Ideal current dipoles are appropriate source representations for simulating neurons for intracranial recordings.
To determine whether dipoles are an appropriate simplified representation of neural sources for stereo-EEG (sEEG).
We compared the distributions of voltages generated by a dipole, biophysically realistic cortical neuron models, and extended regions of cortex to determine how well a dipole represented neural sources at different spatial scales and at electrode to neuron distances relevant for sEEG. We also quantified errors introduced by the dipole approximation of neural sources in sEEG source localization using standardized low-resolution electrotomography (sLORETA).
For pyramidal neurons, the coefficient of correlation between voltages generated by a dipole and neuron model were > 0.9 for distances > 1 mm. For small regions of cortex (∼0.1 cm2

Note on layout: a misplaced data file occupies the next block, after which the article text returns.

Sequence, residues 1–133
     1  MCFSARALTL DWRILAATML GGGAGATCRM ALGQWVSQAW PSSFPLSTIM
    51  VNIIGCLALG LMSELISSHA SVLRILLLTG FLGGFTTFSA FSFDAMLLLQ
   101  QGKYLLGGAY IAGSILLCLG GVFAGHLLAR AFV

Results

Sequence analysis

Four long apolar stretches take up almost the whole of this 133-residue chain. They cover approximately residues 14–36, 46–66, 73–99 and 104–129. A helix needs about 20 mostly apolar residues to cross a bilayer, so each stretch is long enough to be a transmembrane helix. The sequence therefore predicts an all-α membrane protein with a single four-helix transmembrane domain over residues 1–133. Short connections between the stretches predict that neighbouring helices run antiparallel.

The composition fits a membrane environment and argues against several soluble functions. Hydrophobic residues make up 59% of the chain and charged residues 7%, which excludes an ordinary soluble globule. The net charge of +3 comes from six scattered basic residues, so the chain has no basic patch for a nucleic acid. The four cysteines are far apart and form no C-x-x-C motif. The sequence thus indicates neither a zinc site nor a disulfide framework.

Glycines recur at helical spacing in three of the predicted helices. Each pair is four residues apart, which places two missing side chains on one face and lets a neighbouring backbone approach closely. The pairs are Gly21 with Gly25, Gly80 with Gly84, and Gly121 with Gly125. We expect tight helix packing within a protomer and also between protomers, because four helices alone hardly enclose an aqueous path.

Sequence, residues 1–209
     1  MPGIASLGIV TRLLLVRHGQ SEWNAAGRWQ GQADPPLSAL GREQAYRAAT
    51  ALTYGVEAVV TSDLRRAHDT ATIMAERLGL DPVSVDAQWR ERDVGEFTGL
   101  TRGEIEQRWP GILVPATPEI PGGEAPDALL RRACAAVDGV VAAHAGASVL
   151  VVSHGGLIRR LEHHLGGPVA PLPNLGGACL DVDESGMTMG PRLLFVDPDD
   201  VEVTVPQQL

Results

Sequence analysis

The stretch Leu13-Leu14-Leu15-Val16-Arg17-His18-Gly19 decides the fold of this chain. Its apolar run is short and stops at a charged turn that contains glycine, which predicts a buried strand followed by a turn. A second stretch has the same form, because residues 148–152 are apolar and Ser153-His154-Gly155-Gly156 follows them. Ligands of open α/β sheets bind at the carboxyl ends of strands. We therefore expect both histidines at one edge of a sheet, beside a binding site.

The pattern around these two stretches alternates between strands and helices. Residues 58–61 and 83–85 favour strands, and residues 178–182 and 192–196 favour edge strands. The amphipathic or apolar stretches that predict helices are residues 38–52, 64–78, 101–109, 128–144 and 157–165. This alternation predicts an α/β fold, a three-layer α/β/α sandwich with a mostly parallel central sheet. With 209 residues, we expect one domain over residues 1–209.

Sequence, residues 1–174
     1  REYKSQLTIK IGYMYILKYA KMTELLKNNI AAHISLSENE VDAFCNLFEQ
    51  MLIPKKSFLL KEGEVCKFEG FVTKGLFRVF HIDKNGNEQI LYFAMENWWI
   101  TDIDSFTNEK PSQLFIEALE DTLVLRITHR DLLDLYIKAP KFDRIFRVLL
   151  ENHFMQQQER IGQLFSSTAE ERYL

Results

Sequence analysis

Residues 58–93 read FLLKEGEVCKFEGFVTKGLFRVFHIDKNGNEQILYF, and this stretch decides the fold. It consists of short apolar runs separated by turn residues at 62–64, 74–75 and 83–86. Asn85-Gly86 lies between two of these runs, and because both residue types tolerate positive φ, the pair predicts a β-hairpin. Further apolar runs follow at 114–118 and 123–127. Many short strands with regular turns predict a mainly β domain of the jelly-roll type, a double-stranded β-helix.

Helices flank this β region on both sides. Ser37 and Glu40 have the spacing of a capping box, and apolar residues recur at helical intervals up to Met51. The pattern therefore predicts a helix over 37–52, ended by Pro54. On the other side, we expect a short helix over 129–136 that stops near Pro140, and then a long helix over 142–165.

), the error in voltages between a dipole and region was < 100 µV for all distances. However, larger regions of active cortex (>5 cm2
) yielded > 50 µV errors within 1.5 cm of an electrode when compared to single dipoles. Finally, source localization errors were < 5 mm when using dipoles to represent realistic neural sources.
Single dipoles are an appropriate source model to represent both single neurons and small regions of active cortex, while multiple dipoles are required to represent large regions of cortex.
Dipoles are computationally tractable and valid source models for sEEG.
Thio, BJ; Aberra, AS; Dessert, GE; Grill, WM
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